It strikes me that in the lag time between Birnbaum's writing and publication on management fads, the penetration of e-learning, e-commerce, and on-line instruction into higher education (see Noble, 1998) has altered Birnbaum's life cycle of management fads. E-learning and e-managing in corporate universities (e.g., Motorola) and for-profit universities (e.g., University of Phoenix) is moving into traditional institutions of higher education. Birnbaum's analysis of fads as serial and as a reaction/solution to a previous innovation is convincing in historical context, but will it hold for management innovations in globalized and networked higher education of the 21st century? It seems as if wired colleges and universities, often in partnerships with industry, are working parallel to the networking of management innovations that include action research, discourse and narrative processes, systems thinking, and e-everything.
Let me survey current higher education research to assess management practices and priorities against the serial trajectory of fads embedded in Birnbaum’s fad test for practitioners (pp. 230-231):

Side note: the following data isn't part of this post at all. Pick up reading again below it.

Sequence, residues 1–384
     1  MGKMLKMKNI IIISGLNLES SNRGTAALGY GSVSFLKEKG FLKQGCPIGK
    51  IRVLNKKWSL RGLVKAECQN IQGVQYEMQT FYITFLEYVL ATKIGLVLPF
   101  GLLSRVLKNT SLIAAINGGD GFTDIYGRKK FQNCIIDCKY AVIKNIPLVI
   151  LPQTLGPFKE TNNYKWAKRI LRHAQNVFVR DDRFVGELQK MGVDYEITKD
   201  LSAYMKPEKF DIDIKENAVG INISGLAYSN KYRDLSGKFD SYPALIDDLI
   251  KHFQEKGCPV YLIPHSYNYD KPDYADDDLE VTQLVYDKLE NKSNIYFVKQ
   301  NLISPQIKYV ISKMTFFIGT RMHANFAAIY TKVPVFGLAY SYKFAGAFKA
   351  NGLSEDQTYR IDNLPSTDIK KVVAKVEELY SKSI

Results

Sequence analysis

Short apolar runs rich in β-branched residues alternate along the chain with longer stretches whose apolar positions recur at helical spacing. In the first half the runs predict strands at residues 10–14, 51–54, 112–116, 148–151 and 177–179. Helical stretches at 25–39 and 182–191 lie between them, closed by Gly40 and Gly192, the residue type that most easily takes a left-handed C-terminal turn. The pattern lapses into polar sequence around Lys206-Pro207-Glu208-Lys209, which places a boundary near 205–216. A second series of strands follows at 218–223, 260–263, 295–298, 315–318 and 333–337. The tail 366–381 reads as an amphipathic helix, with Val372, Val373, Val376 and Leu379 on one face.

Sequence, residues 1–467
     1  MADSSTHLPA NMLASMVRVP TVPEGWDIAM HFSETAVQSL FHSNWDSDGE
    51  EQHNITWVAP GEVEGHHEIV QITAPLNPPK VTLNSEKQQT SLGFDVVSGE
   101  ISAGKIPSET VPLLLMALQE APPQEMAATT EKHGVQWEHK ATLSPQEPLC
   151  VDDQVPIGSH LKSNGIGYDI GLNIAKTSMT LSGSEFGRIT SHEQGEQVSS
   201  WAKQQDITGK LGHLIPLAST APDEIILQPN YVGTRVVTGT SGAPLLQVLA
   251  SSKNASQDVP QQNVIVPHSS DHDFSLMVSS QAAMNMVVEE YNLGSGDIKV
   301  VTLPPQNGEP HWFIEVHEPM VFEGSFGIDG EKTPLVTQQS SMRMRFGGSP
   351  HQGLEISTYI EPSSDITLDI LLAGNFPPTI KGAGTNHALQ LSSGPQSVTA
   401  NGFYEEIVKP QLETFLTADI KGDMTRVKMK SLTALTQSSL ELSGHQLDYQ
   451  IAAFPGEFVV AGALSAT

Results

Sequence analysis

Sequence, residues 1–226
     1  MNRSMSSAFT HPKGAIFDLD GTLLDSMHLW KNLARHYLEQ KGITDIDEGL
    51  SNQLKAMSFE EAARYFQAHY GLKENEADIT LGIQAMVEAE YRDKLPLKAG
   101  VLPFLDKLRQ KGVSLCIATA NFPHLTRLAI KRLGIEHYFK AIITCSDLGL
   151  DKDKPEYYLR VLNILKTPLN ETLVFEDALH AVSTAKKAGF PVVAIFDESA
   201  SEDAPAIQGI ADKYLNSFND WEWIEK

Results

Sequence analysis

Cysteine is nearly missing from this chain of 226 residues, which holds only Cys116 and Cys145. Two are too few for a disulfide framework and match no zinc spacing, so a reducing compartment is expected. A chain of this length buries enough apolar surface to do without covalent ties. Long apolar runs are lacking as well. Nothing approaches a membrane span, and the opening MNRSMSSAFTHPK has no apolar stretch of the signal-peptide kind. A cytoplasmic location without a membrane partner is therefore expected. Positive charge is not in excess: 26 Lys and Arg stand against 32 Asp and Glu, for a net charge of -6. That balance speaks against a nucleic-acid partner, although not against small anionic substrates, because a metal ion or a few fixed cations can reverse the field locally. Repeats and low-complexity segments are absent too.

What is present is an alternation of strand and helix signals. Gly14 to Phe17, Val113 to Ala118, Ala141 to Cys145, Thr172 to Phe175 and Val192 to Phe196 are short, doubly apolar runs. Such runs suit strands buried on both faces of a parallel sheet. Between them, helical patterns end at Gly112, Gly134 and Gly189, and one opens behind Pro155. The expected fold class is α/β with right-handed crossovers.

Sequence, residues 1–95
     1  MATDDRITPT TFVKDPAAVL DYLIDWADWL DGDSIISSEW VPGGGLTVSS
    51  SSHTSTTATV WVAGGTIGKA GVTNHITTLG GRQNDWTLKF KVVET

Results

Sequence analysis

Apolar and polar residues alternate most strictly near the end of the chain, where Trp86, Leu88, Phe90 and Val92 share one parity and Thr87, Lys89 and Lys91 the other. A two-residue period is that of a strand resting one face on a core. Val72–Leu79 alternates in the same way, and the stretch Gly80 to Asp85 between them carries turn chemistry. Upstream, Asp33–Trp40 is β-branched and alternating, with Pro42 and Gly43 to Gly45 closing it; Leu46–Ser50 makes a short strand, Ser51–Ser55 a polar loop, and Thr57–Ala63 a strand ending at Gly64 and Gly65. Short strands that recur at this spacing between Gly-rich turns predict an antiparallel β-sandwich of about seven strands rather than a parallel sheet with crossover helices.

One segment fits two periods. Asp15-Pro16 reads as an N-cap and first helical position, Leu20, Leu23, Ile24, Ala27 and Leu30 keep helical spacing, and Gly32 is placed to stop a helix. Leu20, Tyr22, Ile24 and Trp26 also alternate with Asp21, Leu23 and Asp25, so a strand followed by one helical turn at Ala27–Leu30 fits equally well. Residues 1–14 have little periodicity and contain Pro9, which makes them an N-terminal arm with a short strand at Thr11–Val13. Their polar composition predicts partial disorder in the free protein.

I first applied the fad test to my own higher education research into quality and narrative and dialogue are alive and well: "Telling Transitions" and "Telling Transgression" feature in the titles of two of my recent journal articles. My research urges boundary-spanning leadership and the assembling of faculty, staff and students to tell their lived experience of quality (see Lander, 2000) and as such requires institution-wide implementation. I do anticipate that such an approach will significantly improve effectiveness. In my "semiotic fractal of the service university," I link narrative to chaos theory, drawing on the work of a prestigious group in management research, especially authors associated with the Massachusetts Institute of Technology (MIT), for example, William Isaacs on dialogue. My management approach rejects the problems created by the previous fads based on technical-rationality and the cult of efficiency; however, I reference the hegemony of efficiency-driven management approaches in combination rather than any one fad. It occurs to me that management fads that operate on the "linguistic turn" and the self-organization of quantum physics just might "stick" in the university, with its long tradition in the humanities and the natural sciences. Remembering Birnbaum's call for skepticism, does my salutary comment simply accord with this fad test item: X is superior to a previous innovation, which was a fad?